(Must-watch NASA presentation finding six Antarctic Glaciers in irreversible collapse.)

Human-caused heat forcing. From the top of the atmosphere to the bottom of the world’s oceans, there’s no safe place to put it. For where-ever it goes it sets in place conditions with the potential to unleash gargantuan forces.

481. Minus aerosols, that’s the equivalent CO2 heat forcing humans have now built up in the atmosphere due to a constant and rapidly rising greenhouse gas emission. By itself, this heat forcing, were it to remain in the world’s atmosphere and ocean system, is enough to melt all of West Antarctica, all of Greenland, and part of East Antarctica pushing sea levels higher by between 30 and 120 feet or more.

Inertia. Namely, the massive inertia in the Earth climate system creating a perceived ability to resist rapid destabilization due to the human insult. It’s the one hope scientists and policy-makers alike pinned on the possibility of bringing human greenhouse gas emissions down in time to prevent radical and damaging change.

Rapid glacier and ice sheet destabilization. What, by 2014, became understood as the new reality, as an ever-increasing number of the world’s glaciers displayed far less resilience than previously anticipated and were set in motion to an unstoppable and catastrophic reunion with the world’s oceans by human warming.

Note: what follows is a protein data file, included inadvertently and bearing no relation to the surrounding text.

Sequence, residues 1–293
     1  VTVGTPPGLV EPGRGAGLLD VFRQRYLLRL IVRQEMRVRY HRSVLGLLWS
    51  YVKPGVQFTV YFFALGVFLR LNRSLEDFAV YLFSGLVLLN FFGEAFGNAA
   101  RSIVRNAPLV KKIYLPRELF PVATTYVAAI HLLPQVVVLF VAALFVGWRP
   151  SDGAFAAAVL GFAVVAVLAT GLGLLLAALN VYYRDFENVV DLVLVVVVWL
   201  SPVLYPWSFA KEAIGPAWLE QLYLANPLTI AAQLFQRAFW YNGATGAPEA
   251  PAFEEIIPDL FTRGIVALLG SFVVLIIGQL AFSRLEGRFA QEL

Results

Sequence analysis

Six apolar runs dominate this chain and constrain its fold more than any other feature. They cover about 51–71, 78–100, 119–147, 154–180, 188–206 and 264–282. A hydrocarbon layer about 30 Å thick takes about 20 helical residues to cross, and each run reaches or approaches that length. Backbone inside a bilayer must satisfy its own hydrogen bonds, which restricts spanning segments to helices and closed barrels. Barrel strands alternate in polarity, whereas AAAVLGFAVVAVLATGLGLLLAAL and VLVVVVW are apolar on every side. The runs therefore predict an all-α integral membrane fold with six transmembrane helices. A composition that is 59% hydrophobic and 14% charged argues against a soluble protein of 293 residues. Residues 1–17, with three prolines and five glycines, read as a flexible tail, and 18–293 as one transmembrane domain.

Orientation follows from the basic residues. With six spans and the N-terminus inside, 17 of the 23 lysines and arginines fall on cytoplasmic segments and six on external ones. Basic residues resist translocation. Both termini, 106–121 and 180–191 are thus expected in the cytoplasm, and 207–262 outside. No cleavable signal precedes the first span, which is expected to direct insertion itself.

Now, a new NASA study finds that six of West Antarctica’s largest glaciers are in a state of irreversible collapse. These add to a growing tally of destabilized glaciers from Greenland to Svalbard to Baffin Island to Antarctica and beyond which, all together, show that at least a 15 foot sea level rise from human-spurred glacial release is now inevitable.

Their names were Pine Island, Thwaites, Haynes, Pope, Smith and Kohler

antarctica_screen_grab1_2

(The locations of West Antarctica’s ‘butcher board’ glaciers — those that are doomed to an inevitable embrace with the Amundsen Sea. Image source: NASA.)

At issue are six massive glaciers representing more than 1/3 of total the ice mass of West Antarctica and what could well be called its entire weak flank.